Beyond His Years

Bernard Allison: "Blues isn't about copying the greats."
Hans-Christian Sparrer

Second-generation bluesman Bernard Allison may have been born in Chicago, reared in Peoria, Illinois, and Florida, and reside these days in Minneapolis, but he's got a soft spot for Houston.

"It's been six years since we played Houston, so I'm glad to be coming back. There are so many great Texas players — Lightnin' Hopkins, T-Bone Walker, Albert Collins, Gatemouth Brown, Johnny Winter, Stevie and Jimmie Vaughan — and they all had a serious effect on me as a musician. They all have some special quality."

While he's only 44, Allison feels like he's almost two generations further along than some of the young, upcoming blues players.

"I started playing when I was ten," says Allison from his home in Minneapolis, "but through my father, I got to be around many of the creators of his generation — guys like Albert Collins, Hound Dog Taylor, Albert King.

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"And I also got to hang a lot with Stevie Ray and Johnny Winter, the next generation," he adds. "So as far as being exposed directly to some huge creative forces, I came along at a very lucky time to be a blues guitar player."

Father Luther Allison, who played in Howlin' Wolf's band and was known for his extended guitar solos, was one of the creators who made sure Bernard got the proper indoctrination into the blues fraternity.

"Dad would take me to gigs and festivals and I'd get to meet all these great creators," Allison reminisces. "He took me to see Lighnin' Hopkins at the New Orleans Jazz Fest when I was ten, and I was absolutely blown away.

"There truly was no one else quite like Lightnin'. I'm still listening to those rec­ords today and trying to turn the young cats on to that.

"I was lucky to be brought up around people in my dad's circle who cared about the music and who wanted to hand this thing down, pass it on the right way," recalls Allison. "We need more of that today."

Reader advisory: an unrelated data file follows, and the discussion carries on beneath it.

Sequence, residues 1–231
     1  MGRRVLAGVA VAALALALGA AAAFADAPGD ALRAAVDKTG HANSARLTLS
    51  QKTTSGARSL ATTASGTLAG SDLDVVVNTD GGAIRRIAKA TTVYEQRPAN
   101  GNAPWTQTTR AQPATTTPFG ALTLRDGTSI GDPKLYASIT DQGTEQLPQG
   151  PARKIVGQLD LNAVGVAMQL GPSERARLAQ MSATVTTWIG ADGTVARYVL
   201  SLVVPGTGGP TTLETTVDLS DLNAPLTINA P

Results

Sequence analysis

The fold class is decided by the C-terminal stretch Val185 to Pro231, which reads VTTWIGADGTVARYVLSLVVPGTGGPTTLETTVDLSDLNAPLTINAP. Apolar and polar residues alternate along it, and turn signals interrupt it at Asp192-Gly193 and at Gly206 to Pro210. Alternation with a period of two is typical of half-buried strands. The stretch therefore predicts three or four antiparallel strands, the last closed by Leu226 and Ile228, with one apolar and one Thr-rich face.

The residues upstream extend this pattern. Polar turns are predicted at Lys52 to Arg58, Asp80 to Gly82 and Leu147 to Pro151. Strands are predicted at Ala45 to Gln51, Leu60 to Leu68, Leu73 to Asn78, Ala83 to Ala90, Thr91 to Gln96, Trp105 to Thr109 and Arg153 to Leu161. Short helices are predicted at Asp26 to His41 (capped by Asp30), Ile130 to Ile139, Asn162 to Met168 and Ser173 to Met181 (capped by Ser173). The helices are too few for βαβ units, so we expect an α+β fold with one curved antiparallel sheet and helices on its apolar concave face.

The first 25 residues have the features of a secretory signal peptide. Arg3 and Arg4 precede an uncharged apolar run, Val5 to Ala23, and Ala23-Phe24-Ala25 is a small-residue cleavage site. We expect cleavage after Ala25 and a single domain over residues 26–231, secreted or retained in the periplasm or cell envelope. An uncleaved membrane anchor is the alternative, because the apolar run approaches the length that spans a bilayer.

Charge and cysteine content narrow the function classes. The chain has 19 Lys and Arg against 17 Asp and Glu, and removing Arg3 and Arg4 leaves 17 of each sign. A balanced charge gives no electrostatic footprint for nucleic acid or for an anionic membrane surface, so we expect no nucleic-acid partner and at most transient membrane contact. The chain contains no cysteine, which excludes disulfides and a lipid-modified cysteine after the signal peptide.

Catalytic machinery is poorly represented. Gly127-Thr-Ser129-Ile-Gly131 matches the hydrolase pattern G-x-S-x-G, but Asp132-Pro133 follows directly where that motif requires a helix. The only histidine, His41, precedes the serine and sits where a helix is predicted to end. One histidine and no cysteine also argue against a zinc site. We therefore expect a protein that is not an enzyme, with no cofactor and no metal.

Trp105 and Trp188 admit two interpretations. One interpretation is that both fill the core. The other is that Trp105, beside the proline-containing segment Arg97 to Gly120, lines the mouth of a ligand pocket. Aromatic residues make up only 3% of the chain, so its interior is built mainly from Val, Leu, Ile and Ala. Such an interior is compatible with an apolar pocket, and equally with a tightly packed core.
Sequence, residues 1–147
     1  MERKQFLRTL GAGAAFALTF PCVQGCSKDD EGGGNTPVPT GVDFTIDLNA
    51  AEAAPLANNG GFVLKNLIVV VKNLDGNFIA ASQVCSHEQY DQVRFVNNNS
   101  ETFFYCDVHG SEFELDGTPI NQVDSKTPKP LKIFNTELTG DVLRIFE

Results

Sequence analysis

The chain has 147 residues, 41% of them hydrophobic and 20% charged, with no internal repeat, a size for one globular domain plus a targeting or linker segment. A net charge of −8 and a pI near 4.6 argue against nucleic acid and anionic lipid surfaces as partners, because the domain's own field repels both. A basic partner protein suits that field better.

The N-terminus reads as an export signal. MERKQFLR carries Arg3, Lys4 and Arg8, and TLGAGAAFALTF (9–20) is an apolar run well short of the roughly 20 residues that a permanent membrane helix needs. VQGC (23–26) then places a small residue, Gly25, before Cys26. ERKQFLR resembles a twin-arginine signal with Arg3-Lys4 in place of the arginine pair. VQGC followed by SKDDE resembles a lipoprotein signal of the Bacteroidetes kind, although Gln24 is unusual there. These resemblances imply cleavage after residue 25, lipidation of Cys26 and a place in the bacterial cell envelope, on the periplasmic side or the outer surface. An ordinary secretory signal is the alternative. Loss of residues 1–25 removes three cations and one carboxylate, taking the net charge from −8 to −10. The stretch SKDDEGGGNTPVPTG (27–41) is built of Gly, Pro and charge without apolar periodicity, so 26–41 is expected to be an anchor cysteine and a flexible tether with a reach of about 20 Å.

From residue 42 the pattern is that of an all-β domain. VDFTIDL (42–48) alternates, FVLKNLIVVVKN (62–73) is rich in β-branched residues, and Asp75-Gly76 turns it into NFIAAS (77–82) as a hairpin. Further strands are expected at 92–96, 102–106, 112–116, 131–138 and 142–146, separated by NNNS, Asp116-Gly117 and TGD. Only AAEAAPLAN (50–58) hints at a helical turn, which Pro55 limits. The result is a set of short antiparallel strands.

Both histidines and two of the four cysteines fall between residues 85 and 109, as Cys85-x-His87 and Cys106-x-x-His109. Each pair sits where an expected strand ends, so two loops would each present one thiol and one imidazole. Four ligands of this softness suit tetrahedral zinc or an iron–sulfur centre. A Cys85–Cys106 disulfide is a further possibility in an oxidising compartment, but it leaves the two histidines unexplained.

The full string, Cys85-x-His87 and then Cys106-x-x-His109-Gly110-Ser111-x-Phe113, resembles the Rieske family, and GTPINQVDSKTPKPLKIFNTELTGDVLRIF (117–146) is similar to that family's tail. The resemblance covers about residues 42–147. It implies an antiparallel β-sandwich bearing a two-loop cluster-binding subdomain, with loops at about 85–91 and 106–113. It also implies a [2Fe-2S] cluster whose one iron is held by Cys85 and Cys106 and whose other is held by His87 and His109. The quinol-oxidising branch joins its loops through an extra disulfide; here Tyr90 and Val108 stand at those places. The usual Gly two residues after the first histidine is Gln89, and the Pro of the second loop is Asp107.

Allison first recorded at the tender age of 13, but his father insisted that he finish high school before starting a musical career. Diploma in hand, he joined Koko Taylor's band at 18 straight out of high school. Allison claims that he owes much of his blues education to Taylor's label, Alligator Records.

"Back at that time, Alligator was ­package-touring groups of their artists, so I got to go on the road with legends," he says. "Koko and her husband, Pops, I'll always owe them a debt because they really looked after me and taught me how to live on the road."

One of Alligator's main artists would also have a major effect on the budding guitarist.

"Albert Collins had a huge influence on me, and not just the way I play," Allison says. "Albert was just the sweetest guy, always laughing and having fun. He didn't just play well, he showed us how to live."

About the legendary Houston bluesman known as the "Ice Man," Allison remarks, "The last time I saw him was at a show in Paris in November 1993, just a few days before he died. I still miss that guy."

Allison also has huge respect for an­other local guitar hero, ­Beaumont native Johnny Winter.